We all remember the Oscar-winning film "Forrest Gump." The man based on that character is a Medal of Honor recipient and is in Hawaii this week.
His name is Sammy Davis. His Southern drawl is real and so is his heroism and valor.
The movie "Forrest Gump" is based on a part of his life including the day he saved his brothers in war.
On Nov. 18, 1967, Davis and 41 other members of his unit were heavily outnumbered. One-thousand five-hundred soldiers of the Viet Cong relentlessly attacked the men in the battle of Cai Lay.
"I think my brothers that didn't make it home earned it also," said Davis. "I've always tried to wear this medal as I would believe in my heart that they would."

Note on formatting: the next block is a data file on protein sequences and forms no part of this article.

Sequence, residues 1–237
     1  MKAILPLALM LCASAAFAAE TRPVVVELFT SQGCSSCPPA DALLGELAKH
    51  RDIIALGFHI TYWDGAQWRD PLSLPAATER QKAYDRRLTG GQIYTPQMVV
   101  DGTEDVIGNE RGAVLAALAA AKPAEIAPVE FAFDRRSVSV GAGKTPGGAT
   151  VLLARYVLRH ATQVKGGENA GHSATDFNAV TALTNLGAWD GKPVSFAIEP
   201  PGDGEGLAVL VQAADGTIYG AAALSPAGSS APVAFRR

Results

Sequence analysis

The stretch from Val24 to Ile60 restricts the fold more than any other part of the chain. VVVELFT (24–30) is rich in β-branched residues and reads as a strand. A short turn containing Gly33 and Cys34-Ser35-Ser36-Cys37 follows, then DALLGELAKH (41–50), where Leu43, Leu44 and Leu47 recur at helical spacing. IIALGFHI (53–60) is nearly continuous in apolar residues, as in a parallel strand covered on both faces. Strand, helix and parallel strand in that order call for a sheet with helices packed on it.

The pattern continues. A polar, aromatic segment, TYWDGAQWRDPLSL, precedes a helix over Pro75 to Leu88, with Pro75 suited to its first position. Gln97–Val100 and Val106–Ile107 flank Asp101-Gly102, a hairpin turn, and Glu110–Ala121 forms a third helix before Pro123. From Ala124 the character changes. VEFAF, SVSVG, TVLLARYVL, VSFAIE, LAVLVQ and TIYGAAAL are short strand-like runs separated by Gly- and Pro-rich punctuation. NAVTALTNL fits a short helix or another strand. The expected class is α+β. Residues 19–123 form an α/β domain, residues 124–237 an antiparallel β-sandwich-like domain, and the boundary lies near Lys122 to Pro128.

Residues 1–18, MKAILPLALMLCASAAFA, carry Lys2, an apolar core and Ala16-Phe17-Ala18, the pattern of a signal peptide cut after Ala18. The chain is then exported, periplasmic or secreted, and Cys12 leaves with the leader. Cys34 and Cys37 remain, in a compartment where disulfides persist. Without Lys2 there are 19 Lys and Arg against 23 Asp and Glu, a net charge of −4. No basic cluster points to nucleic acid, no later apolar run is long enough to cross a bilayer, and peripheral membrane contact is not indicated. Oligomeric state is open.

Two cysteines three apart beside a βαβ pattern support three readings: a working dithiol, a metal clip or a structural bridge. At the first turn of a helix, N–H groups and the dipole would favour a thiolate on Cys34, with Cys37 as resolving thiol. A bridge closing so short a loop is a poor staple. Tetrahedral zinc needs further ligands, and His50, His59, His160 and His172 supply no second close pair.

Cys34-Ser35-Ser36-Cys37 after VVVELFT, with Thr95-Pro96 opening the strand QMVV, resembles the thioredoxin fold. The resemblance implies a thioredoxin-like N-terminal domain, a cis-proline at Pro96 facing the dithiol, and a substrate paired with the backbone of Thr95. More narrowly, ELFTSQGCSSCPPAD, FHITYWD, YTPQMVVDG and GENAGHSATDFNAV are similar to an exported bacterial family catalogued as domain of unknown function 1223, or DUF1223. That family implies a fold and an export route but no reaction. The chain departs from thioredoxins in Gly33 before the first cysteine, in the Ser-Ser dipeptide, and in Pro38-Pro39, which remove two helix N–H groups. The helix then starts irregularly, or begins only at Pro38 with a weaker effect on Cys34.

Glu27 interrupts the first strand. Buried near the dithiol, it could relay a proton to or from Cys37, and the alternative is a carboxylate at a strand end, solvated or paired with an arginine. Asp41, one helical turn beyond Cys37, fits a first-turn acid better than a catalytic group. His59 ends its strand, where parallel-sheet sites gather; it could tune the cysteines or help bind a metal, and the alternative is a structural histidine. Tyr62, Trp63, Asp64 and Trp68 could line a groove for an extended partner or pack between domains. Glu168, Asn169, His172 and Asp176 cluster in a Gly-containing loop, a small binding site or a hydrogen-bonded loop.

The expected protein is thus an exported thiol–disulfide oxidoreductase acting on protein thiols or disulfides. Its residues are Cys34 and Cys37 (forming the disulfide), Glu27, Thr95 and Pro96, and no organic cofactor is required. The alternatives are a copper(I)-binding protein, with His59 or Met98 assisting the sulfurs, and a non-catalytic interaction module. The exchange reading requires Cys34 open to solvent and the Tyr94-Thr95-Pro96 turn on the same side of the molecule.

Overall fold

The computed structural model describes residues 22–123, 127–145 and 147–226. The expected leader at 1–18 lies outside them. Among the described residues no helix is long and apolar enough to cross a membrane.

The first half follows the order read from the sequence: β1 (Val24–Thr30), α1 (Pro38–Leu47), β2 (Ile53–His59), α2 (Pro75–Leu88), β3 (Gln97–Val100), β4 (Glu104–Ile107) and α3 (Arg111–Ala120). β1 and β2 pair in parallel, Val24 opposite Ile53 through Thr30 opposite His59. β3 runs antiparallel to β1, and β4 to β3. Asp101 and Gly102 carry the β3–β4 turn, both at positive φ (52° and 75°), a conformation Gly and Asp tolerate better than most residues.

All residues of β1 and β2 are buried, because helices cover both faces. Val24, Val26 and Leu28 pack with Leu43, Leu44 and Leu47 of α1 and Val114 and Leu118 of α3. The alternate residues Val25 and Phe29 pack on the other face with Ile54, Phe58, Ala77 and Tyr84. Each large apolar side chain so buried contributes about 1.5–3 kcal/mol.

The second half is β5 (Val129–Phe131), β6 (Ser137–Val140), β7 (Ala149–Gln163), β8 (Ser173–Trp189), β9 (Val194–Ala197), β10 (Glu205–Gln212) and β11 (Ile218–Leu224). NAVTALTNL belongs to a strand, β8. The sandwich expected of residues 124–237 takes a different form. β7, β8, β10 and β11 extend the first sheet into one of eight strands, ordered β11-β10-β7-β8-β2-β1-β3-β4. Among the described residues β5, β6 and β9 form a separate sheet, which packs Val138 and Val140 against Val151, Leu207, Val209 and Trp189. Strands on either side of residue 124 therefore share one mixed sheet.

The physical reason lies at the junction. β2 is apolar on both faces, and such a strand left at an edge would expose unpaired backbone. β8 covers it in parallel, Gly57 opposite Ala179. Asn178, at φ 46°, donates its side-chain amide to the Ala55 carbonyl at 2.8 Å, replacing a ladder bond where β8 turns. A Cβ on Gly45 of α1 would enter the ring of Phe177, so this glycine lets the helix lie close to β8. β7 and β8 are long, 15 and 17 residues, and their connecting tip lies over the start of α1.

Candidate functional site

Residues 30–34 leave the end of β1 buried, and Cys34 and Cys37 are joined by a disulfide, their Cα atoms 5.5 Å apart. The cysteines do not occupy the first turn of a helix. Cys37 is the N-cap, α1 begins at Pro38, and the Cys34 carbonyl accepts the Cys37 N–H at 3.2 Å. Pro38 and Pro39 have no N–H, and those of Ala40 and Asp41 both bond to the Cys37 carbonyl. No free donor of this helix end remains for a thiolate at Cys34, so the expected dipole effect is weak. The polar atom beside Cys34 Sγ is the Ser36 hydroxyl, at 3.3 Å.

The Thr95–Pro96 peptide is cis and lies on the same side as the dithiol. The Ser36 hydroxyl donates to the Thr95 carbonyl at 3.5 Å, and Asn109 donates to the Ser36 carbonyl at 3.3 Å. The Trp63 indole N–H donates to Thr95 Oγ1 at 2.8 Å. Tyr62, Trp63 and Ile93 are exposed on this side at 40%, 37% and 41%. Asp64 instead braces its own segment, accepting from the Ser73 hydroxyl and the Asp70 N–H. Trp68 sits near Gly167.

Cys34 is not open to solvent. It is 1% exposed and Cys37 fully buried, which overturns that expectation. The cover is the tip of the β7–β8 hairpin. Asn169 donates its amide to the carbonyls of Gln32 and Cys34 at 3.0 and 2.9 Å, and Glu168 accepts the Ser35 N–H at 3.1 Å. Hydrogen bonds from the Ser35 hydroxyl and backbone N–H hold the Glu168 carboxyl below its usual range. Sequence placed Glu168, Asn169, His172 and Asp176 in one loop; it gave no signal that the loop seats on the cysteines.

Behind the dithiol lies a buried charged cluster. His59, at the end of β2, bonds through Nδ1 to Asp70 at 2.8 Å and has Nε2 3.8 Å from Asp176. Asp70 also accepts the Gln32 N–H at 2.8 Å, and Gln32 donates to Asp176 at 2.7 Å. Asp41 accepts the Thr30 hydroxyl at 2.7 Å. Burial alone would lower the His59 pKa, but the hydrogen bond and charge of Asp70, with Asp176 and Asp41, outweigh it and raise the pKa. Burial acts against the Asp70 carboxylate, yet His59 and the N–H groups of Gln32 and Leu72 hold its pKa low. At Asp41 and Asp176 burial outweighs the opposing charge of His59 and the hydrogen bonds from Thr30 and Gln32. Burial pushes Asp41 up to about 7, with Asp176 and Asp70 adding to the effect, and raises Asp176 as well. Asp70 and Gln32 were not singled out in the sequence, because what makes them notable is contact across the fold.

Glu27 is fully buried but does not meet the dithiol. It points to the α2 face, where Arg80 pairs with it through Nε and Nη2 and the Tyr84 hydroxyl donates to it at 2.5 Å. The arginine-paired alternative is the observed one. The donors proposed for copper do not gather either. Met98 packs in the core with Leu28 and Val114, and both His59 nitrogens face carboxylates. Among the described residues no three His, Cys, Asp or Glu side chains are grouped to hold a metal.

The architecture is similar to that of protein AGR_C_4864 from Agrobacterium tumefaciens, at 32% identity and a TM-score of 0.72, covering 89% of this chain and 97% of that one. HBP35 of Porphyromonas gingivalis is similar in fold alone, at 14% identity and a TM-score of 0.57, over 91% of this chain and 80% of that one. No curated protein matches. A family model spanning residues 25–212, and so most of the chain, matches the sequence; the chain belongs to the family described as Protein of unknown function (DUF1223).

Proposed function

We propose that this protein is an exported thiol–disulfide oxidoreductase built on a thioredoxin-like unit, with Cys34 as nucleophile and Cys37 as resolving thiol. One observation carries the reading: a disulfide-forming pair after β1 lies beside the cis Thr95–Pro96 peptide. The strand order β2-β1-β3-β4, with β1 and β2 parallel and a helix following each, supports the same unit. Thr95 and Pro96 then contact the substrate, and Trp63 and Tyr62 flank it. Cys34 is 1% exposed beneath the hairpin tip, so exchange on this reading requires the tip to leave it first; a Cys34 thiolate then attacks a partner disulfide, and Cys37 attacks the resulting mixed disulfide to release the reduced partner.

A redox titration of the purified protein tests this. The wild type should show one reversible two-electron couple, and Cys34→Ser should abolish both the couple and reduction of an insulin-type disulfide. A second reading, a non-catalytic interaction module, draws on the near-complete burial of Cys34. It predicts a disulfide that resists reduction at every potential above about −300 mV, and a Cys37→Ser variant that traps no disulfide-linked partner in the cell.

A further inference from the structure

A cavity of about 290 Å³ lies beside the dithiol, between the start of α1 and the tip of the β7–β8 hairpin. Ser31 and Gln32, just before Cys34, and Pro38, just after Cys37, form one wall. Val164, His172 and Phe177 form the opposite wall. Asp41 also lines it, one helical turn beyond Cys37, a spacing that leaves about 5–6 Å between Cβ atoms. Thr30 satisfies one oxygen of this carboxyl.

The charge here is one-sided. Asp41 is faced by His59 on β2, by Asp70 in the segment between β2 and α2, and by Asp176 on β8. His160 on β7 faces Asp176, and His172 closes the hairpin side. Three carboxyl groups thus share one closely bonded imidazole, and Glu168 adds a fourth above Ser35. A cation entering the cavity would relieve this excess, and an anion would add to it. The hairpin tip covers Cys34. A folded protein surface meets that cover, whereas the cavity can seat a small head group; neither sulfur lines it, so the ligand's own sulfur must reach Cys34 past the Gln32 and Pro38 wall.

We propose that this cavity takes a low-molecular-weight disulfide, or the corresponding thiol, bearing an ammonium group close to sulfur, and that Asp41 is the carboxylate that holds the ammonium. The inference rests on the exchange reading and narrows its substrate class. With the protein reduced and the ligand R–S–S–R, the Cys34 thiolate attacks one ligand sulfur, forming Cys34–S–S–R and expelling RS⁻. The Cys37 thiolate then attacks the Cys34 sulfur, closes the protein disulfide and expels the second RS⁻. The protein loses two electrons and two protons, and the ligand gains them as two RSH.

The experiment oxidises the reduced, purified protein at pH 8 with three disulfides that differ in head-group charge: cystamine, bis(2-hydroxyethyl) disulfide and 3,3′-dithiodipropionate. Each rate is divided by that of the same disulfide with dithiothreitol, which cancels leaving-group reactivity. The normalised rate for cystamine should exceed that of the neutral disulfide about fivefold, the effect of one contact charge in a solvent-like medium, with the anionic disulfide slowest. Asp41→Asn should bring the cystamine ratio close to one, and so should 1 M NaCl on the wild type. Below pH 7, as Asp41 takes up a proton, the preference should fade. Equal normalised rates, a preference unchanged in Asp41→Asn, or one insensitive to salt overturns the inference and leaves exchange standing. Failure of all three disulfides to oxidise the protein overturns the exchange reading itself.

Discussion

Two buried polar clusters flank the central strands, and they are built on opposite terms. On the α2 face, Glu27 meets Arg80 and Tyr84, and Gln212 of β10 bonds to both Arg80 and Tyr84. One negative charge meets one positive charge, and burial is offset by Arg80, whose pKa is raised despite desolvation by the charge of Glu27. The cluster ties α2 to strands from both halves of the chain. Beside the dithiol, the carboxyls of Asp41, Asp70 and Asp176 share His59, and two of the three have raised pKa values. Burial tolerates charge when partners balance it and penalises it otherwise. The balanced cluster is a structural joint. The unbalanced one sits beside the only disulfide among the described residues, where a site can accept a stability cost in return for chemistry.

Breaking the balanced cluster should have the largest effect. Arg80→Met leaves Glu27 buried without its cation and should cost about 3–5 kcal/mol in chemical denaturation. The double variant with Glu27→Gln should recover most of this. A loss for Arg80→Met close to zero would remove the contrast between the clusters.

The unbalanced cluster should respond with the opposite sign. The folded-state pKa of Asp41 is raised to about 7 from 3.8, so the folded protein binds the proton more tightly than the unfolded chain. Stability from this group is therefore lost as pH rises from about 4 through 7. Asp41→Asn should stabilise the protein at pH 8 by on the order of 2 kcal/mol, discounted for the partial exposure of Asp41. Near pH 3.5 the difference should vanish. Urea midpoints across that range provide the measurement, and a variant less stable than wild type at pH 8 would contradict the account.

Just 12 American men survived that day. David received the Medal of Honor from President Lyndon B. Johnson for saving at least three lives and risking his own.
"It has always inspired me to stand a little taller, be a little bit more correct, to be more forgiving, to have a little bit more love in my heart. So, the medal has made me a better person," said Davis.
As for the movie?
"The military portion is based on fact and me and how I earned my medal," said Davis. "The rest of the movie is movie. It lightly, and I do express lightly, touches my life."
Davis said he was never a star running back at the University of Alabama. And it was catfishing he did, not shrimping.